Should You Own Cryptocurrency in Your Portfolio?

Should You Own Cryptocurrency in Your Portfolio?




We’ve been fielding several inquiries lately into Bitcoin and cryptocurrencies and whether they are a good “investment.” I don’t believe anyone knows what the future of cryptocurrency holds, but cryptos seem to be building momentum and it’s certainly worth understanding the risk and reward that may come with owning them.

What is Currency?

Let’s start with a quick refresher on what a currency is. Each country or region has its own local currency. Americans have the US Dollars ($), Europeans hold Euros, Japanese have the Yen, China has the Yuan, etc. Each of these currencies serves three main functions; a unit of exchange (medium to buy and sell goods), unit of account (1 gallon of milk = $3) and a store of value (deposits in a bank). The extent to which any single currency can fulfill these functions determines how stable that currency is viewed around the world. The historically stable value of the US $ has enabled it to become the world’s number one reserve currency, meaning foreign countries buy US $ and hold them in reserve. They buy US$ to hedge against a devaluation in their own currency and to conduct international transactions since most major commodities (oil, copper, corn, etc.) are priced in US $.


For cryptocurrencies to be widely accepted, they will have to serve the same three functions. Currently, few transactions are conducted in crypto (although it is growing) and very few items are priced in crypto so its use as a unit of exchange and unit of account are practically non-existent. It’s the store of value, or lack thereof that makes crypto so intriguing as its value can swing wildly on a daily basis, enabling traders to make quick profits (and losses).


Bitcoin is perhaps the most recognizable cryptocurrency. Despite the negatives discussed above, Bitcoin has a major advantage over traditional currencies; the number of Bitcoins is fixed. There are 18.5 million Bitcoins in existence today and the most that can ever be produced, or mined, is 21 million (mining refers to work of verifying the legitimacy of Bitcoin transactions). The last Bitcoin is expected to be mined sometime around 2047. Bitcoin investors believe that as the cryptocurrency gains acceptance in the world economy, demand will increase and the price of Bitcoin will go higher. The naysayers argue that the world’s powerful central banks (Federal Reserve, ECB, etc.) will stifle the growth of cryptocurrencies, therefore universal acceptance will never happen and cryptos will become worthless.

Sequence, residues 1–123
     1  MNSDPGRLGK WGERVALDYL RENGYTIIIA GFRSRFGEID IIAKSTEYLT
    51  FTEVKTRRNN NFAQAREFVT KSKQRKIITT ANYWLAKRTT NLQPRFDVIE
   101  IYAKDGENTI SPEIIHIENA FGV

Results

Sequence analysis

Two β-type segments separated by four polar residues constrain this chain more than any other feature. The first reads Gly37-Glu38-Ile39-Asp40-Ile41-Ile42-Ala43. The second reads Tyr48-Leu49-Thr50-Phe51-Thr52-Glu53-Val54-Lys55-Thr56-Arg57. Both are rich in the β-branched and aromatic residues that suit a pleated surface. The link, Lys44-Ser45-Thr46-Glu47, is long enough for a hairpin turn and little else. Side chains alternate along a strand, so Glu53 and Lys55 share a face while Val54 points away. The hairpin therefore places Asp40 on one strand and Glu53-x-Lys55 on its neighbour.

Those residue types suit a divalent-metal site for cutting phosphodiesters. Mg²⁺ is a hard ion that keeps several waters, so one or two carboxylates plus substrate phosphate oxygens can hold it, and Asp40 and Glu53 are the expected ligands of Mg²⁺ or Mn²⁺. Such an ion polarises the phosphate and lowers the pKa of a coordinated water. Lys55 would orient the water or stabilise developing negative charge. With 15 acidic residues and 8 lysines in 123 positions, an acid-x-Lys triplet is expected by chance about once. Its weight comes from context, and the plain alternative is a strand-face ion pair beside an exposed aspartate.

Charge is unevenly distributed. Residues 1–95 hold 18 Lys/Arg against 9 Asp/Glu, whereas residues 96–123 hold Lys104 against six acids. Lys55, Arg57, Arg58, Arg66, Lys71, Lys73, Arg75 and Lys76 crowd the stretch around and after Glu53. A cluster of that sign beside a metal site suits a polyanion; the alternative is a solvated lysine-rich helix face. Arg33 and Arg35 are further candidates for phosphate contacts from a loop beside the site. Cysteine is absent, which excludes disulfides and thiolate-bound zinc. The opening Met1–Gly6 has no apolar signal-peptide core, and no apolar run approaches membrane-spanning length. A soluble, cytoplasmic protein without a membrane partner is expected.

Does Crypto have a place in your portfolio?

As I began, no one knows the future of cryptocurrencies but they seem to be gaining a foothold in the world economy. Fortunes have been made and lost on them due to their volatility and that volatility continues today. Therefore, investments in cryptos remain highly speculative, somewhat similar to being in Las Vegas at the roulette table where there is a high probability of losing everything against a much smaller probability of winning big. So, if you choose to do so, invest in cryptos with your eyes wide open and make sure your portfolio can withstand the worst-case scenario.


Would you like to speak with one of our advisors further about cryptocurrency?  Please call our office at (706) 364-4281 or email us at [email protected]


Tom O’Gorman, MBA

Financial Advisor, Partner


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